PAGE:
Brass Track Maintenance

W

Weavervegas1

Registered
21 Aug 2018
4
0
69
Weaverville, NC
I have recently installed a 60' track around my outdoor fountain pond. Every time I use it, it needs the track cleaned with the LGB cleaner pad. The loco and rolling stock are secured out of the weather, as is the transformer, and I don't understand why it always runs erratically after a rain, or even overnight with a dew the next morning. After cleaning, it seems to run fine for several hours. I'm using the transformer for a Bachmann Big Hauler set, and wonder if a more powerful amperage would solve this problem. The track has two power connectors, located midway around the track from each other, and fed by the one transformer.

Please help me solve this annoying issue.

Thanks very much!

Terry
 
Martino

Martino

Kit bashing, The UK narrow gauge, The GWR, Aviatio
I can’t speak to the more powerful amps, but when I used track power track cleaning was always essential. I used LGB blocks, green scotchbrite pads and various abrasives on the end of a drywall pole. Others will chime in too.

In the end, I went battery power, but most folks get great results from track power with regular cleaning.
 
Gavin Sowry

Gavin Sowry

Garden Railroader and Raconteur
27 Oct 2009
5,915
6
65
Hutt Valley, NZ
Welcome to the forum. First thing to know around here, is that you will receive a lot of well intentioned advice, but be aware of what is called 'thread drift' (where some wander off the question/subject). I can confidently predict, that within the first 10 posts on this thread, someone will try to tell you to do this, or do that, that does not help you, in fact will confuse you. But, we are all friends here.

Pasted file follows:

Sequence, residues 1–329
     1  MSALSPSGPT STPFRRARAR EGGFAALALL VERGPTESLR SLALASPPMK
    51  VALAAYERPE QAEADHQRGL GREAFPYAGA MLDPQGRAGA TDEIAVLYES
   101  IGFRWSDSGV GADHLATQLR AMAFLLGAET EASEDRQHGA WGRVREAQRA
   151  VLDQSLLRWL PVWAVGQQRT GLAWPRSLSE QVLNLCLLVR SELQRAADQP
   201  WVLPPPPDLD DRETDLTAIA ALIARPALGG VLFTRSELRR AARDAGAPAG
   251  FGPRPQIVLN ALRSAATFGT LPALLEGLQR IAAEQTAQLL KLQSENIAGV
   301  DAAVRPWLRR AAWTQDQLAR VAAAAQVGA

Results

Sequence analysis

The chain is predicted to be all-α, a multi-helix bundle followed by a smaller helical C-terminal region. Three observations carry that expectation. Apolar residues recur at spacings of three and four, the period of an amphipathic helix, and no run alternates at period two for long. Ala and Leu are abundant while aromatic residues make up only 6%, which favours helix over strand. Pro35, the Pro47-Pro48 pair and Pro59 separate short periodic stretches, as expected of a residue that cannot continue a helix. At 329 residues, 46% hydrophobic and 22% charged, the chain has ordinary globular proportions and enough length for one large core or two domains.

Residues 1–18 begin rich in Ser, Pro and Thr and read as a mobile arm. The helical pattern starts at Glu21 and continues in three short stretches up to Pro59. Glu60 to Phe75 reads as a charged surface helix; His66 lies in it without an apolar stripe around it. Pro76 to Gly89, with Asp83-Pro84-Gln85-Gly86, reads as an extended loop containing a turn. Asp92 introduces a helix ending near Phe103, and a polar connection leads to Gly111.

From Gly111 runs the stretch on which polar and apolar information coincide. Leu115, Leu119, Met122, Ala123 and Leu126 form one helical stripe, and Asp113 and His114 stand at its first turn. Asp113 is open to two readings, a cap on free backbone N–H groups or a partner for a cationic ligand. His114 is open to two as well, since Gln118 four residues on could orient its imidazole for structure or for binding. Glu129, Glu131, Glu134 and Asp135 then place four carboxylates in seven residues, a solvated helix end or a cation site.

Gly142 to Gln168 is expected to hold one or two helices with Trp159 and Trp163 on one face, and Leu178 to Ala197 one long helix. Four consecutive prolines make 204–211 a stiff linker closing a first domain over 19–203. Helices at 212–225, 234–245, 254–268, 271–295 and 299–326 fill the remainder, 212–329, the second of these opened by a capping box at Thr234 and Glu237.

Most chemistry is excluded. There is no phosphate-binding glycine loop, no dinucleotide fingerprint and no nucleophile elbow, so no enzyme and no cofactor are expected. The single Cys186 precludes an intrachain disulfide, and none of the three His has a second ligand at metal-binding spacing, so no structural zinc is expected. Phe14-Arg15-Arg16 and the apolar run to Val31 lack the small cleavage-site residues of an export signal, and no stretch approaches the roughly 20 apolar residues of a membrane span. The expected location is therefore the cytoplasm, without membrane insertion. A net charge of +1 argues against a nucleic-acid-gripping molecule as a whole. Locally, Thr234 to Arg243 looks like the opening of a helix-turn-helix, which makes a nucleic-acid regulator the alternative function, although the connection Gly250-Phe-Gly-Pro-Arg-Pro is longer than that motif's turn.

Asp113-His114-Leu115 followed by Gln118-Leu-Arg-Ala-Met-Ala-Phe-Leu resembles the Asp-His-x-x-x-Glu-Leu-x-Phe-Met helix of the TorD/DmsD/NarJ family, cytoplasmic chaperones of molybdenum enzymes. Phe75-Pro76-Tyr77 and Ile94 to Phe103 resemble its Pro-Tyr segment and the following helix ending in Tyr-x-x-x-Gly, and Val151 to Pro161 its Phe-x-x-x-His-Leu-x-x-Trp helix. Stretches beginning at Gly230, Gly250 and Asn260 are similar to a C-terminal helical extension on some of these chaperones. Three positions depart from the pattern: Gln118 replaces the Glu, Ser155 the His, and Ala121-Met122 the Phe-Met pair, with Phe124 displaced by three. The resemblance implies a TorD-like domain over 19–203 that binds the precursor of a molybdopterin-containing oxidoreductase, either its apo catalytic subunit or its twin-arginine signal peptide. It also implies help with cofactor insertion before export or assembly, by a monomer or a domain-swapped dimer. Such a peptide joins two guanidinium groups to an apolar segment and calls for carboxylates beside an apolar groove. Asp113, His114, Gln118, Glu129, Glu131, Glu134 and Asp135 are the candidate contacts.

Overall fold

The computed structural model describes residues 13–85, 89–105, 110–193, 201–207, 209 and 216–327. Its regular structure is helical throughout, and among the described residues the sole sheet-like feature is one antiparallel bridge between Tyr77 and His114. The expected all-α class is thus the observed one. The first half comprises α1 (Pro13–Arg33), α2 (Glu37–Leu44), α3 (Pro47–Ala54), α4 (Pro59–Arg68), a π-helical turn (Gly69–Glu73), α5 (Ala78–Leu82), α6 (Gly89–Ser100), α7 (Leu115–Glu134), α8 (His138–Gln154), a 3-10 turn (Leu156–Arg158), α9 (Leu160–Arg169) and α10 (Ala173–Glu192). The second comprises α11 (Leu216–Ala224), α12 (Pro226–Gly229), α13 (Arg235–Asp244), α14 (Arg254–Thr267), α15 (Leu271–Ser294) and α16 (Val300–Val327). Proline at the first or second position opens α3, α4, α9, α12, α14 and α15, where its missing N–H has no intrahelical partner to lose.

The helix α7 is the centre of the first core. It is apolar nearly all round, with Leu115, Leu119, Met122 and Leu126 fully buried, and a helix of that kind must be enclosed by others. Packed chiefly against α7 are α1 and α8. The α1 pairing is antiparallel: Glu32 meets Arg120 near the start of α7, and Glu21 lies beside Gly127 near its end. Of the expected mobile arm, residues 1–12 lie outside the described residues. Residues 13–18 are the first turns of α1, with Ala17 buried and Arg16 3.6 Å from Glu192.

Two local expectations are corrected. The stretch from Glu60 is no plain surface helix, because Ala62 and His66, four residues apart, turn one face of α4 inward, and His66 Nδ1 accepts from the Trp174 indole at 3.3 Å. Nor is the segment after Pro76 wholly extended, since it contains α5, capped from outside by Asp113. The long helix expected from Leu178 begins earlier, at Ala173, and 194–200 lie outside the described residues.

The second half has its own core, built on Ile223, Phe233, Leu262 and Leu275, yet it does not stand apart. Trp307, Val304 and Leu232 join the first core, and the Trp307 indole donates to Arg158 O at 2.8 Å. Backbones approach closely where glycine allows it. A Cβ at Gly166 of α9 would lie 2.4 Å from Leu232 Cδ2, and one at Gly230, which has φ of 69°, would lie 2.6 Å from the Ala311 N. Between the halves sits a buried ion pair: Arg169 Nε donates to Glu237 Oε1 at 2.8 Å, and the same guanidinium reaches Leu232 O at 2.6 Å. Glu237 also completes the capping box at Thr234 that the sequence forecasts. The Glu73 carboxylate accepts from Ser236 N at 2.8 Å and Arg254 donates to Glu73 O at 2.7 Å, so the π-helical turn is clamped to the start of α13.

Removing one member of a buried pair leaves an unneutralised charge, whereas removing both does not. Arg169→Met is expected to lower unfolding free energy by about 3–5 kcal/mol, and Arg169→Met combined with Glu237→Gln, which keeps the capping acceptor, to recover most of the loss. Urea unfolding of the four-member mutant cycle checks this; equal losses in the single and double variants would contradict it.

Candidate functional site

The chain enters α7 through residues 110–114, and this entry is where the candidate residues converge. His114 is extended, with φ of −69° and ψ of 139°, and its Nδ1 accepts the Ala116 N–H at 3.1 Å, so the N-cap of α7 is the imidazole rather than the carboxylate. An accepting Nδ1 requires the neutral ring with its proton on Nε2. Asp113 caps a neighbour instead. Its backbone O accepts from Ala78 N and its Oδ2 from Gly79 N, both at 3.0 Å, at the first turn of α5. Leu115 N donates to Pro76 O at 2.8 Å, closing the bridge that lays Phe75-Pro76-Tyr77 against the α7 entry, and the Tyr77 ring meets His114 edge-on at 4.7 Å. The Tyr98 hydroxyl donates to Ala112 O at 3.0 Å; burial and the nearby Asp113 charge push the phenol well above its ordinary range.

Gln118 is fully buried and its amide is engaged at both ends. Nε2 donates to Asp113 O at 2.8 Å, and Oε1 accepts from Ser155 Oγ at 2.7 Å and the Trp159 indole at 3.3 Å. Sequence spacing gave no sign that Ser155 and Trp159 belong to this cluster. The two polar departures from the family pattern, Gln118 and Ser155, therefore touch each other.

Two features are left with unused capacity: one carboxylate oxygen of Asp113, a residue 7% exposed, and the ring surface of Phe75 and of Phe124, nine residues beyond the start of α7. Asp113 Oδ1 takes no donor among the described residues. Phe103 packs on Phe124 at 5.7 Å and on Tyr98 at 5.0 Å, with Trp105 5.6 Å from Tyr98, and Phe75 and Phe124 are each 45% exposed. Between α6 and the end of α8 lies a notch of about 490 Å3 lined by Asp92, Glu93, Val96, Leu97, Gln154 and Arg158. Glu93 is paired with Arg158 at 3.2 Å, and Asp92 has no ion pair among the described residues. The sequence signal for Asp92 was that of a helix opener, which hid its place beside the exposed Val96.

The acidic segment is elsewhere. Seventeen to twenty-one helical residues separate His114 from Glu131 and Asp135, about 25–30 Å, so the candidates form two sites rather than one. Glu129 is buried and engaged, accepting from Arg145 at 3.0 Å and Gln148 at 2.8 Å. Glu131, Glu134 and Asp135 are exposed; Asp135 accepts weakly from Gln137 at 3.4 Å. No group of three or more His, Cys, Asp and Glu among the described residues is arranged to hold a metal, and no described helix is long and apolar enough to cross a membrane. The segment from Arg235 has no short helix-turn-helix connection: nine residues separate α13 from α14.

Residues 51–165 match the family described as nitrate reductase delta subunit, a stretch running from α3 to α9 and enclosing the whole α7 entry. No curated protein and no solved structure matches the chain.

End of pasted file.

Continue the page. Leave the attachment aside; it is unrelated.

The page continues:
Your problem, poor running.
Known probable cause, power pack.
Advice, yes, the Bachmann pack is probably too weak to run your line, given the 'length greater than the oval track on the lounge floor'. For successful track power operation, you need sufficient amps for the train, clean rails, and, clean wheels.
There is a wealth of information on this forum about keeping track clean etc. I am a user, and advocate, of track power, and have few problems, and hardly have to clean my brass rails. Check out my Taita Gorge Railway for a good read on how I've been there, done that, for the last 18 years.

103584_7864cfd735a414cce1364dd768f396c1.jpg
 
Greg Elmassian

Greg Elmassian

Registered
8 Mar 2014
2,358
29
San Diego
www.elmassian.com
Moisture can actually lower the resistance between the rails and "sap" power from the transformer. 60' of track will do it.

You can prove this to yourself if you measure the resistance between the rails (with the transformer disconnected) when things are dry and things are wet.

But that should not be erratic running.... when it is erratic, is the problem in the same place?

Also ditch that transformer, they are junk, sorry.

Greg
 
Gizzy

Gizzy

Railways, Aviation, Caravanning....
26 Oct 2009
32,157
11
Cambridgeshire
www.gscalecentral.net
Clean track = reliable running.

And as others have mentioned, a good power unit is essential.

You are learning fast, as we all have!

BTW, welcome to GSC...
 
dunnyrail

MOTM

dunnyrail

DOGS, Garden Railways, Steam Trains, Jive Dancing,
25 Oct 2009
14,040
47
70
St.Neots Cambridgeshire UK